It’s in companies’ financial interest to have their employees passionate about their jobs. They want to make sure that your interests align. Some example questions are:
- Why are you interested in ML?
- What interests you about this position?
- What do you hope to learn in your next job?
- In your current role, for what types of problems are you the go-to person? If I asked others on your team this question, what would they say?
Joshua Levy, a founding engineer at the AI-power SaaS company BloomReach, said his go-to interest question is: “Think of a period when you were thrilled and excited to go to work. What made you excited?” Was it the problem you were trying to solve, the impact you could make, the technologies you had access to, the people you worked with, your learning curve, or something else?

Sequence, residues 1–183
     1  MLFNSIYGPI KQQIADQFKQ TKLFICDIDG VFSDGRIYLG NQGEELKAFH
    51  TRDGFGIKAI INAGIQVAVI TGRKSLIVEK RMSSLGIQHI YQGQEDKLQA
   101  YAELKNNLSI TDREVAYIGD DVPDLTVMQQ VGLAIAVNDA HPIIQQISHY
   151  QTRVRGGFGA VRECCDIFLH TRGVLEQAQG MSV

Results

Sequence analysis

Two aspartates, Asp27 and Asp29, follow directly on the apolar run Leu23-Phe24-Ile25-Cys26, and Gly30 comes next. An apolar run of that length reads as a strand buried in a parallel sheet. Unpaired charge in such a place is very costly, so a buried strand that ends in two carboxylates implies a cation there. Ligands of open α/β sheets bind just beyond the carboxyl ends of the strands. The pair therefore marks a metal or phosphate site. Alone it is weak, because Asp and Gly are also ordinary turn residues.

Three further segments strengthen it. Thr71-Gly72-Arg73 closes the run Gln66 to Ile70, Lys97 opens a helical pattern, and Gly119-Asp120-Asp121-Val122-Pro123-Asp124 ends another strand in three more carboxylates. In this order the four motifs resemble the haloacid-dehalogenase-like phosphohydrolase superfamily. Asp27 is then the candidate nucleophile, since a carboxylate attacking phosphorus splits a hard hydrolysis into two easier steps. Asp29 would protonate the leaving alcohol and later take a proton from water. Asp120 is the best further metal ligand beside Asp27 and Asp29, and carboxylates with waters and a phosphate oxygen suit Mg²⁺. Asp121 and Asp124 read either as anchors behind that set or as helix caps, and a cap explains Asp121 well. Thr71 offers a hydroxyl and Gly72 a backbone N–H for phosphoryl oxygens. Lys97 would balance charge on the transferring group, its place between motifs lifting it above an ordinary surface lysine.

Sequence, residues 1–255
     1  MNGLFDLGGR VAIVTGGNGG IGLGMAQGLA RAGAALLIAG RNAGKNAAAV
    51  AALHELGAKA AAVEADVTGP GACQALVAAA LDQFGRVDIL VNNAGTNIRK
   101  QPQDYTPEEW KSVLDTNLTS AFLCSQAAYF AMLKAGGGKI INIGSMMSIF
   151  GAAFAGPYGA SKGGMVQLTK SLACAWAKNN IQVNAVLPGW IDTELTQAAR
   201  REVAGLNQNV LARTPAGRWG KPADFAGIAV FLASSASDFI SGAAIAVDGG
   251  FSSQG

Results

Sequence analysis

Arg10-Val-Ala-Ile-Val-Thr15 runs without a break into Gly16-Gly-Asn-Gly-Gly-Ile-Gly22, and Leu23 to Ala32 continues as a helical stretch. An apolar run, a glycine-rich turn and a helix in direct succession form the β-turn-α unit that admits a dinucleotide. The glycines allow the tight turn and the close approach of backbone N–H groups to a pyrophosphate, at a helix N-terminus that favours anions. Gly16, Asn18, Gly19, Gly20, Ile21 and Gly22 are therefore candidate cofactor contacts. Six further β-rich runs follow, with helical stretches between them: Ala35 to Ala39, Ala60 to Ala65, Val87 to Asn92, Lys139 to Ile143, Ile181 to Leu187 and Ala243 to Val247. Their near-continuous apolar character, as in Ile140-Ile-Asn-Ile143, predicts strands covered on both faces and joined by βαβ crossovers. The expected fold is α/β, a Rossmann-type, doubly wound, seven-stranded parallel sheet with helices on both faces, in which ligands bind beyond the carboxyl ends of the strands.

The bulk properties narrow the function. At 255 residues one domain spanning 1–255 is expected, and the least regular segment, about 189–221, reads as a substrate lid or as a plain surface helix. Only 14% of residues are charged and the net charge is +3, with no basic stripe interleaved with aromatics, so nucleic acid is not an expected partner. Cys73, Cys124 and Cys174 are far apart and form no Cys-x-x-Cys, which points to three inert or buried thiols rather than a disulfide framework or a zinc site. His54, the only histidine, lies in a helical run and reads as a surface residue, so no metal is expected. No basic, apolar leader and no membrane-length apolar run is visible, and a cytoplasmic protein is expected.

One pet question for many interviewers is “explain a paper that you really like.” This answer shows not only the kind of problems you’re interested in, but also how far you’re willing to go to understand a problem, and how well you communicate technical concepts. It doesn’t matter what paper you pick, as long as you understand it enough to talk about it. Before your interviews, choose any paper, read it inside out and implement it yourself to understand all the subtleties.
My personal favorite is: “What have you done that you’re most proud of?” The answer to this question doesn’t even have to be technical. I once told an interviewer that I’m most proud of the non-profit organization I started in high-school to encourage young people to explore outside their comfort zone. I got an offer.
Interviewers want to get a sense of who you are: what motivates you to do your best work, how you handle obstacles. Employers want you to overcome obstacles and do your best work at their companies. Companies want passionate people, so talk about things that can bring out the fire in your eyes.